The “day zero” E3 press conferences by the big two console manufacturers feel like a relic of the pre-digital era: largely predictable, bloated, expensive, and with a lot more emphasis on style and spectacle over details. Yet they’re still important to set the tone and general focus of the Xbox One and PS4 platforms over the next year. In that regard, both Microsoft and Sony had solid, if unspectacular, B grade efforts. Microsoft played it safe but remained extremely polished and focused in the process. Sony had some more interesting, diverse announcements but were marred by some poor pacing and presentation.
Judged strictly by presentation alone, Microsoft handily trumped Sony this year. To answer criticism from last year, they stayed laser focused on games. Though their briefing lasted over 90 minutes, it rarely dragged, with well-crafted transitions and trailers between the larger titles. Xbox head Phil Spencer was clearly on a mission to woo core gamers back to Xbox, and it did so by playing to traditional Xbox boilerplate: racing games, first person shooters, and fantasy medieval combat.
Yet even with a solid effort, Xbox’s exclusives felt underwhelming and almost completely unsurprising. Forza Horizon 2, Crackdown, Fable Legends and The Master Chief Collection are sequels or reboots on existing IP. They’ll likely be fun, but it felt like safe genre territory Microsoft has heavily covered in the past. Also, as more third party publishers go multi-platform, we’ll see Microsoft’s genre reboots overlapping with other publishers (e.g. Ubisoft’s The Crew in the same space as Forza Horizon 2, Bungee’s Destiny competing with Halo 5). Die hard Xbox 360 fans now have stronger reasons to make the jump to the Xbox One now versus last year. But without a clear exclusives victory on sheer numbers or originality, I don’t expect Microsoft to sway those on the fence between the Xbox One and PS4.
In contrast to Microsoft’s showing, Sony, at least on paper, presented a more interesting set of games. Their exclusives were fewer but packed serious punch: Grim Fandango is a classic, cult adventure game from famed designer Tim Schafer and was potentially the biggest surprise of the day. No Man’s Sky is a very unique, indie sci-fi darling and potentially more ambitious than any game shown at E3. Then there’s Bloodborne, a gory RPG from the creators of Demon’s Souls. Round that out with a few anticipated indie exclusives for 2014, most notably Hotline Miami 2, and Sony showed off an exclusive (albeit occasionally timed or console only) roster that was more diverse and daring than Microsoft. And Sony was able to go toe to toe with Microsoft on their own set of exclusive betas and DLC for a few big name AAA games—likely a reflection of Sony’s stronger momentum and sales heading into E3.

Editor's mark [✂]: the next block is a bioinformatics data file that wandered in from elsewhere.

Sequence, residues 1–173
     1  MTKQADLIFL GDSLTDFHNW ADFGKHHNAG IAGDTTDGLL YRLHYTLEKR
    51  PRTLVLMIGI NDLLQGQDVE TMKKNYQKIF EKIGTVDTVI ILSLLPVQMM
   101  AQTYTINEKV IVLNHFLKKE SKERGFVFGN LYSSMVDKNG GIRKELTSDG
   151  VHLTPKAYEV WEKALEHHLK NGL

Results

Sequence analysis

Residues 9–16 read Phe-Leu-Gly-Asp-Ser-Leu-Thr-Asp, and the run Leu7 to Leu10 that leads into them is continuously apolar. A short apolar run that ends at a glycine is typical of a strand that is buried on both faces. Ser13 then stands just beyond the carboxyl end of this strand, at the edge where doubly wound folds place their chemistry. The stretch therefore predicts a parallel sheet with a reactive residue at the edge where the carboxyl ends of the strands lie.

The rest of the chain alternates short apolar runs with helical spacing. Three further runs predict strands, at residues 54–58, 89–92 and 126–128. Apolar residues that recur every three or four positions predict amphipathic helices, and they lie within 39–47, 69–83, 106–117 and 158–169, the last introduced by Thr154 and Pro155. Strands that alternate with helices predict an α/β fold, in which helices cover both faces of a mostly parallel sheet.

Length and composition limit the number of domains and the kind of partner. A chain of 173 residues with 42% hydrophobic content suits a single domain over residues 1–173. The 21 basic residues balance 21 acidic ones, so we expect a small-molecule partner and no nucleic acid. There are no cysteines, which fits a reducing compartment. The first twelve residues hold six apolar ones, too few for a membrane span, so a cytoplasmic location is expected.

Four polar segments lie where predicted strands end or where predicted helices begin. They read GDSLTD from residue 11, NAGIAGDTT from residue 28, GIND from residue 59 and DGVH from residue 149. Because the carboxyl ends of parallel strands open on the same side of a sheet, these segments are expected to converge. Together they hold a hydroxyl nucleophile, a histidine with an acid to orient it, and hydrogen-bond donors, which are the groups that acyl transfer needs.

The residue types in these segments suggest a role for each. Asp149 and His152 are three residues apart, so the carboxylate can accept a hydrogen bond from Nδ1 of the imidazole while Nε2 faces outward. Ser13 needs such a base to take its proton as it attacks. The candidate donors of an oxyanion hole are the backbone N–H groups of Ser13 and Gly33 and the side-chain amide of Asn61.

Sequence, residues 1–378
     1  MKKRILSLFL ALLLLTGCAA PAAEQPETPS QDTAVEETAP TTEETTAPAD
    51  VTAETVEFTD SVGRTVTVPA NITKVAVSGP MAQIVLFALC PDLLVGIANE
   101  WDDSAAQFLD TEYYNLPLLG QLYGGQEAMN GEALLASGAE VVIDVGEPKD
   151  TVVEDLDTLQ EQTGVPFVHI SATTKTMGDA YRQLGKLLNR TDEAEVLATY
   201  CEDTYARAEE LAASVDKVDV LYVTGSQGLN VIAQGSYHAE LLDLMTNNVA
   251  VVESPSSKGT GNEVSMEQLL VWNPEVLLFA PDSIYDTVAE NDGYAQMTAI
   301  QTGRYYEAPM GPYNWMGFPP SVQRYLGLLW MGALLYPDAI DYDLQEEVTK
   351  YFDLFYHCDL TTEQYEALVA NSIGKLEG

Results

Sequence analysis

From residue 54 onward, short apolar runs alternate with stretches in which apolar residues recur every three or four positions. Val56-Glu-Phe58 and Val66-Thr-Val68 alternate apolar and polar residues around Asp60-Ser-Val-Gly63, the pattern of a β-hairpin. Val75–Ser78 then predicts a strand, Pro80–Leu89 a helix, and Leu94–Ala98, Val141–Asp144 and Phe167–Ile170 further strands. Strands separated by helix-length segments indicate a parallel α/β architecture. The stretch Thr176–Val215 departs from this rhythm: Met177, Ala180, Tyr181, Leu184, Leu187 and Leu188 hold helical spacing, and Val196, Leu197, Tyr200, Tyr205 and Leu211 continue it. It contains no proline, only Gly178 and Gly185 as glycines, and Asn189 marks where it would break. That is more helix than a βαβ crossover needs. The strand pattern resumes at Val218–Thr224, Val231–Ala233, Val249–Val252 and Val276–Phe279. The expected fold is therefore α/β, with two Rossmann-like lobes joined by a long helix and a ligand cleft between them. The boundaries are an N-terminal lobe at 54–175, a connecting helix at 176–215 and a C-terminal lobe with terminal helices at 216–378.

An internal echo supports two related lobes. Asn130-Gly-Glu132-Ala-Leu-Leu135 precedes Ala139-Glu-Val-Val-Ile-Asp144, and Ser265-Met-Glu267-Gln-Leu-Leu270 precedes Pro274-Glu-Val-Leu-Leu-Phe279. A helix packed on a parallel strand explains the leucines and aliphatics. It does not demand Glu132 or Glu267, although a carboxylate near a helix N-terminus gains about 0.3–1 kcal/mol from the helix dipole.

Almost all those news was revealed in the first hour. Then came a lackluster middle section that dragged with a scattershot focus and left viewers with more questions than answers. They hawked a graphic-novel TV series with only concept art to show; its ten minutes on stage killed the presser’s momentum. A firm date was set for an “open beta” for the Playstation Now streaming service but few details on games and pricing were offered. The Project Morpheus VR platform was glanced over while Sony’s Andrew House punched down at the Xbox’s Kinect. The PS Vita was mostly ignored; no bundle with the PS4, no price drop, and few standout games.
Overall, Sony’s presentation felt like a slightly larger missed opportunity compared to Microsoft, but neither side was particularly earth-shattering. One factor this E3 has made clear is that many hyped games have been pushed back well into 2015, so it’s unlikely Sony or Microsoft will have a big system seller on its hands this year. There are two notable exceptions: Destiny (a strong performance could overshadow the Halo series and thus help Sony) and The Master Chief Collection (which, if Halo fanatics show up in droves for, could help Microsoft close the gap.) Either way, it’s going to be fascinating to see how each company positions their consoles this holiday season. It’s smaller, intangible factors that could now make a deciding difference among those that haven’t jumped in this console generation.